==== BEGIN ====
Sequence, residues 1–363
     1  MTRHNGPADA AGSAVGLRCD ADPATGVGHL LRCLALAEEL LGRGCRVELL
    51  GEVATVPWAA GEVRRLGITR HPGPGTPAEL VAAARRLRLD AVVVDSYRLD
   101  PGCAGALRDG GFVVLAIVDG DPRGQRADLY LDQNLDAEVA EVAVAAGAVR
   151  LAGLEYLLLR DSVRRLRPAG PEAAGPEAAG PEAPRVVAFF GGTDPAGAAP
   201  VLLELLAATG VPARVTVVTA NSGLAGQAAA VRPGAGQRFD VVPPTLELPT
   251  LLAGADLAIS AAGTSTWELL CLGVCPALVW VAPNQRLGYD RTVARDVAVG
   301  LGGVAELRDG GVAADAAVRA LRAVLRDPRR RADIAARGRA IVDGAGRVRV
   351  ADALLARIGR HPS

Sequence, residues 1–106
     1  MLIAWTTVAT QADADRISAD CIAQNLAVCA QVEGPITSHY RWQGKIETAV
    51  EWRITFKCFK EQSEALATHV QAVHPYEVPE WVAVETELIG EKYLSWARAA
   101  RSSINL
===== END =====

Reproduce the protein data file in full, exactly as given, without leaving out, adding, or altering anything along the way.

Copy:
Sequence, residues 1–363
     1  MTRHNGPADA AGSAVGLRCD ADPATGVGHL LRCLALAEEL LGRGCRVELL
    51  GEVATVPWAA GEVRRLGITR HPGPGTPAEL VAAARRLRLD AVVVDSYRLD
   101  PGCAGALRDG GFVVLAIVDG DPRGQRADLY LDQNLDAEVA EVAVAAGAVR
   151  LAGLEYLLLR DSVRRLRPAG PEAAGPEAAG PEAPRVVAFF GGTDPAGAAP
   201  VLLELLAATG VPARVTVVTA NSGLAGQAAA VRPGAGQRFD VVPPTLELPT
   251  LLAGADLAIS AAGTSTWELL CLGVCPALVW VAPNQRLGYD RTVARDVAVG
   301  LGGVAELRDG GVAADAAVRA LRAVLRDPRR RADIAARGRA IVDGAGRVRV
   351  ADALLARIGR HPS

Sequence, residues 1–106
     1  MLIAWTTVAT QADADRISAD CIAQNLAVCA QVEGPITSHY RWQGKIETAV
    51  EWRITFKCFK EQSEALATHV QAVHPYEVPE WVAVETELIG EKYLSWARAA
   101  RSSINL